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Defendant Billy Hawk, center, stands with defense attorneys Bill Speek, left, and Jim Logan during Hawk's murder trial in Judge Don Poole's courtroom in Hamilton County Criminal Court on Wednesday, June 1, 2016, in Chattanooga, Tenn. A grand jury indicted Hawk, 62, in September for first-degree murder in the 1981 slaying of Johnny Mack Salyer.

They walked him into the courtroom, and placed him in front of the witness box. He was too feeble to step up into the box, so he sat in a chair while someone turned the microphone toward his mouth.

Dressed in jean overalls and 76 years of exposure to the sun, Robert Stultz discussed the last time he saw Johnny Mack Salyer.

Not long before he turned up in a 55-gallon barrel on Chickamauga Lake, Salyer stopped by his trailer in Trenton, Ga., Stultz said. Salyer seemed nervous, kind of scared, and said he needed money.

"I just told him, 'I don't have any money,'" Stultz said Friday on the third day of testimony in the Billy Hawk murder trial. "I said, 'C.W. has plenty of it.' And I showed him where he lived and that's the last time I seen him."

About one week later, Stultz said, he heard about the barrel on the radio. And before anyone had identified the body, C.W. told him it was Salyer, he said.

"C.W." was C.W. Stephens, a Georgia man connected to local drug cartels that may have possessed a stronger motive to kill a debt-ridden Salyer than Hawk ever did, Hawk's defense attorneys argued Friday. A good portion of the defense's strategy focused on this motive, in asking witnesses whether they had ever heard Hawk admit to the crime — with each responding no.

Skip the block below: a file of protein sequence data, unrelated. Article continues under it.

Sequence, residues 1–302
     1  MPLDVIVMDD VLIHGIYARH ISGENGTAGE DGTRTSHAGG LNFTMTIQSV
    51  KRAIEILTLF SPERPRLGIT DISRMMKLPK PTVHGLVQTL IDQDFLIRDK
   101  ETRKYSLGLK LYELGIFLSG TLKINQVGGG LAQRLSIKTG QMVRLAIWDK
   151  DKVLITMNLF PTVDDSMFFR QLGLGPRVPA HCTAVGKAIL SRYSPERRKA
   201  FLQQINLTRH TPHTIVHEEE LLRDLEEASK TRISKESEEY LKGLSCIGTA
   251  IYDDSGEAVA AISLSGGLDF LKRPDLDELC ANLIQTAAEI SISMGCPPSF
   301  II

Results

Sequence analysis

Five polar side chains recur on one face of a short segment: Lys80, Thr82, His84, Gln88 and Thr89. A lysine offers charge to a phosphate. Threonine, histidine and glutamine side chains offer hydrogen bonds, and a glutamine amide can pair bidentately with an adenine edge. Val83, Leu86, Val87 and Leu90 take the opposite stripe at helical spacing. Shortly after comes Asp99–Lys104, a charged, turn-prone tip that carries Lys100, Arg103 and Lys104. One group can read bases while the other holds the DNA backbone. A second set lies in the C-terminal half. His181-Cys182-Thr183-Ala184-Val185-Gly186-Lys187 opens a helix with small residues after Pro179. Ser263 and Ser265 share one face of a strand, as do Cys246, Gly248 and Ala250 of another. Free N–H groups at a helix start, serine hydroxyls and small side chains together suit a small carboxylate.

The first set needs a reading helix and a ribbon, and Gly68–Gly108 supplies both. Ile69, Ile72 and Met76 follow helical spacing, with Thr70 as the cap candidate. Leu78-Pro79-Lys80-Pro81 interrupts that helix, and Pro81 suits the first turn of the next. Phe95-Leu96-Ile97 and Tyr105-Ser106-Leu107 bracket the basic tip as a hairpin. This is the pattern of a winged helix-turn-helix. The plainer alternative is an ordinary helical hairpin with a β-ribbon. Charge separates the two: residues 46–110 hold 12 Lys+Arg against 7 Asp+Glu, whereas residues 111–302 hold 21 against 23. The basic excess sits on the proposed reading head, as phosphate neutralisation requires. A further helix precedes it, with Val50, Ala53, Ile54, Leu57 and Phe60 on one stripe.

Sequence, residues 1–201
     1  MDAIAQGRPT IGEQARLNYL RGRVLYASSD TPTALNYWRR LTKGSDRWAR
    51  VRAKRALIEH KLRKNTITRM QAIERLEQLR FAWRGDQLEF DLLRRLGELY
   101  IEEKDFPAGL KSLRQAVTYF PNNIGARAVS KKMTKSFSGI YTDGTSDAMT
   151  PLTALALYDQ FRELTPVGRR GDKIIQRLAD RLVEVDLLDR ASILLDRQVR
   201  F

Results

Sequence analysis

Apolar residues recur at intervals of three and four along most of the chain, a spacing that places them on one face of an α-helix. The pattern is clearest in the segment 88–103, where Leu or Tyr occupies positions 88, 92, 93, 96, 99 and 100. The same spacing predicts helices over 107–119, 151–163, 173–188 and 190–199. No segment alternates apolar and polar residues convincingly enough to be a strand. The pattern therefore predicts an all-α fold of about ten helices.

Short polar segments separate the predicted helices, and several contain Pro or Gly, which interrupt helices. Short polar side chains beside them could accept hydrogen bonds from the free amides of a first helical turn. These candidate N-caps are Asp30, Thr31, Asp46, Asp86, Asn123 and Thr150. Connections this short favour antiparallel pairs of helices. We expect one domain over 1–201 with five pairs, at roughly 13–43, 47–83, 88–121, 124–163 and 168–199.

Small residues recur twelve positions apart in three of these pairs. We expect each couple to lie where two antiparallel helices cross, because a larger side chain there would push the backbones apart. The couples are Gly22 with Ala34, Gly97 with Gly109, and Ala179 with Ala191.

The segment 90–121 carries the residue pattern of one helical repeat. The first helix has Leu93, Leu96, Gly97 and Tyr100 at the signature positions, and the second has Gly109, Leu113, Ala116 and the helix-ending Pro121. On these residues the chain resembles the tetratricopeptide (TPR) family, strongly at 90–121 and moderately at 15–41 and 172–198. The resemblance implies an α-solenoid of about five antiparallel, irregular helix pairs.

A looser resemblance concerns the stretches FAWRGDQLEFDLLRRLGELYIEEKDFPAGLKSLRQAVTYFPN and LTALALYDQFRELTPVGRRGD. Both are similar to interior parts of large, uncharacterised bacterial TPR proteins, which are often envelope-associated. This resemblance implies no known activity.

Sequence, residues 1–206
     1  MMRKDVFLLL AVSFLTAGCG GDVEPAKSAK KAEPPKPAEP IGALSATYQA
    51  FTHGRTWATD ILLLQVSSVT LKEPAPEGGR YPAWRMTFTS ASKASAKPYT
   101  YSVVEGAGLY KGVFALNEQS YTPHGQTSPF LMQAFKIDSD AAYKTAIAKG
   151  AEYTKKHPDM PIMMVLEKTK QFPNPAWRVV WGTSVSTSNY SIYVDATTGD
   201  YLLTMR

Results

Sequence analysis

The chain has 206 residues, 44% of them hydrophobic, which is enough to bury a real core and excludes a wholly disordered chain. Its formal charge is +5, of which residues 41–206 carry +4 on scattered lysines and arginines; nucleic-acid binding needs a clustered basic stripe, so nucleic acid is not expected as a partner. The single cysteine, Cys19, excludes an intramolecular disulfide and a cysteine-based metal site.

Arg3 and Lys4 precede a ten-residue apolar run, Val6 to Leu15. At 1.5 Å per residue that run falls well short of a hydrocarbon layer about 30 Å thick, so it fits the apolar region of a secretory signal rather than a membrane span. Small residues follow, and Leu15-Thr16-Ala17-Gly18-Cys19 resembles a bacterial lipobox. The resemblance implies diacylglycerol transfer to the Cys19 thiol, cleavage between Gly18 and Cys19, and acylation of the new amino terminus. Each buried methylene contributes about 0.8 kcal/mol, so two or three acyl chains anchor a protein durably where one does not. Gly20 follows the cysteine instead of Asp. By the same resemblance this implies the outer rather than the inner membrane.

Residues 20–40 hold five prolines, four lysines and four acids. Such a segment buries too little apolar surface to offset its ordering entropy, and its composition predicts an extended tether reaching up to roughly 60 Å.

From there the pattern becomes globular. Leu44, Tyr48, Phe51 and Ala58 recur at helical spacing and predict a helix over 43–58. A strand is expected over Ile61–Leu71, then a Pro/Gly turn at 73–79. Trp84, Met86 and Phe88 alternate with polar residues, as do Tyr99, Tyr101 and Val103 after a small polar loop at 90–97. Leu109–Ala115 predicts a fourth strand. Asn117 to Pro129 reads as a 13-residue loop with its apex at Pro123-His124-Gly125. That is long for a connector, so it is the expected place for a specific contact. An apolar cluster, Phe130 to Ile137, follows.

Since the trial launched this week, prosecutors have argued Hawk was indicted on first-degree murder charges in September for a reason. First, on June 2, 1981, a couple living off Rocky Point Road saw a 55-gallon steel drum floating near their dock on Chickamauga Lake. Alarmed by the smell, they called authorities, who opened the barrel and found Salyer, decomposing and nearly naked, inside.

Although Hawk was one of the main suspects — and was investigated in 1981 and 1982, in the mid- to late 1980s and again in 2000 — authorities never had enough of a case to pin him to the murder until September 2015. Around that time, investigators scored very intimate statements from two of Hawk's former lovers that implicated him in the murder. Both of them testified earlier this week in the trial.

Before resting their case Friday afternoon, prosecutors also called two investigators familiar with the case. One of Hawk's attorneys, Jonathan Turner, focused on whom the state didn't interview during the cross-examination of Larry Sneed, a former detective with the Hamilton County Sheriff's Office.

"So," Turner began, "you've got no evidence that puts the two of them together, you've got no evidence that Hawk purchased a barrel, you've got no evidence that he purchased a torch to put holes in the barrel."

He continued: "You do have evidence that he owed someone thousands of dollars. You do have evidence that Mr. Salyer is heavily involved in drug trafficking. You also have information that one of the people he owed money to was the West Cartel."

Turner asked Sneed if he ever spoke to C.W. Stephens when the name popped up during the investigation.

"I probably did not," Sneed said.

"Even though you knew he (Salyer) owed thousands of dollars to him and his criminal cartel?" Turner asked.

He was never located, Sneed said.

"Still," Turner said, "to this day you never spoke to him, never checked to see if he had a bunch of barrels ready to go never asked him about his motive?"

No, Sneed said.

Judge Don Poole sequestered the jury around 6 p.m. The trial continues today in Hamilton County Criminal Court at 8:30 a.m.

Contact staff writer Zack Peterson at 423-757-6347 or zpeterson@timesfreepress.com. Follow @zackpeterson918.

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